Stay Up Late’s Story: How impact measurement processes helped this Brighton-based organisation explore business models and define its strategic aims

“Amy has been great, gives focus to our ideas, asks great questions, and gives good advice,” Paul Richards, Stay Up Late

“I’ve found this experience really rewarding,” Amy Forbes, volunteer


Stay Up Late is a small but ambitious charity based in Brighton, with a mission to enable people with learning disabilities and/or autism to live full and active social lives, and to live the lifestyles of their own choosing.  The organisation’s activities include campaigning against inflexible support systems that impose bedtimes and other restrictions on adults with learning disabilities. It also runs a befriending project (“Gig Buddies”) that matches up socially isolated people with learning disabilities and/or autism with a volunteer who shares the same cultural passions.  They also work with other partner organisations to replicate the Gig Buddies model in other parts of the UK (and the world) as a social franchise.

Stay Up Late’s volunteer Amy worked for the Department for Digital, Culture, Media and Sport, leading the government’s relationship with the BBC.  Before that, she worked at HM Treasury in financial services.  Her previous career was in the charity sector, working on health, social care and medical science policy at Arthritis Research UK, and on criminal justice at Victim Support.   Amy wanted to use her professional experience and skills to help small charities with strategic issues and business development, to broaden her experience and apply her skills to new situations.

The starting point

Paul from Stay Up Late explained that while they were confident that they were doing great work, and knew they were well regarded within the sector, they did not have an efficient system to measure their impact, and the main barrier to achieving this was a lack of time.  From going through the Measuring the Good process they wanted to achieve “an effective way of measuring our impact and being able to demonstrate this to the people we work with, potential new beneficiaries as well as funders and new partners”.

Deciding on the best way forward for Stay Up Late

Paul and Amy talked about how Stay Up Late could become more strategic about its impact measurement.  They started by properly defining the mission and purpose of the charity and making sure that all of its activities flowed from that.  They also explored different delivery and business models: They talked about the Gig Buddies model, and how it might be modified to be less onerous in terms of administration, and more efficient in terms of increasing the number of clients who benefit.  They also discussed making the most of the interest shown by high profile and corporate supporters in the charity as well as brand image, and why this matters. All of these elements were linked back to the importance of a structured monitoring and evaluation approach.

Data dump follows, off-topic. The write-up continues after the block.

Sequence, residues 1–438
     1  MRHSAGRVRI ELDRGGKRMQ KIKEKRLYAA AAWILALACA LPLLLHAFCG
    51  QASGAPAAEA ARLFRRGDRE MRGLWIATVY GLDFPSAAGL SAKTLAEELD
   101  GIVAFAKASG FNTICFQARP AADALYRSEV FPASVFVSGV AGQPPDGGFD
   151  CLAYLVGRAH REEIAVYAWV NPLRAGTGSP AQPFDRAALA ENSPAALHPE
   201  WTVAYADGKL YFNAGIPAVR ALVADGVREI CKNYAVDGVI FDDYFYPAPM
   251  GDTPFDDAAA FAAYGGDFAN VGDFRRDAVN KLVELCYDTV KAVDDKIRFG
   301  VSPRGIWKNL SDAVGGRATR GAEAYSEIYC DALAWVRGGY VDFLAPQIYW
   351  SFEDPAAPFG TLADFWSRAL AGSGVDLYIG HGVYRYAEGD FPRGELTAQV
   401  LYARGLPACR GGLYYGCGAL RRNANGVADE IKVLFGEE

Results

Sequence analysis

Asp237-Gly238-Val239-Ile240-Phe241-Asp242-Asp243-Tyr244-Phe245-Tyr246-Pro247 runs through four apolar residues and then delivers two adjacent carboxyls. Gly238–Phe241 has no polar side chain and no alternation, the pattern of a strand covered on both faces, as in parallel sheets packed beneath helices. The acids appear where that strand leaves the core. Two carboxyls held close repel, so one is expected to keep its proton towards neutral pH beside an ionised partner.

They met six times over 18 months, with plenty of gaps in between to allow the Stay Up Late team to make substantive progress. The work between meetings included getting the action plan and objectives they had drawn up agreed and then finalised by the trustees.

Confidence in what will be possible

As a result of working with Amy and making decisions about the future direction of the charity, Stay Up Late now have a clear and focused action plan, outlining where they are going to focus resources over the short, medium and long term. Paul explains: “We now have a strategic plan with a prioritised action plan and also a fully costed budget for the next 5 years which sits behind the action plan. We have also developed our own internal impact measurement process linked to our strategic plan.” This is underpinned by the organisation’s culture and engagement from across the organisation: “I’d say we have an open culture where everyone is aware of the challenges that face us but are also totally onside with our mission and ethos.”

Amy adds: “I gained an enormous amount […]. Really valuable insight into the charity’s work, and about an issue I didn’t even know existed! It was really great to spend time with people who deeply care about the work they do, and it was a pleasure to be able to help them with the areas they were less familiar with.”

Paul sees a robust and positive future for the organisation. He feels the change brought about as a result of working with Amy on Measuring the Good “will enable us to continue our work supporting people with learning disabilities but also makes us feel that charity itself is more resilient and prepared for the future.”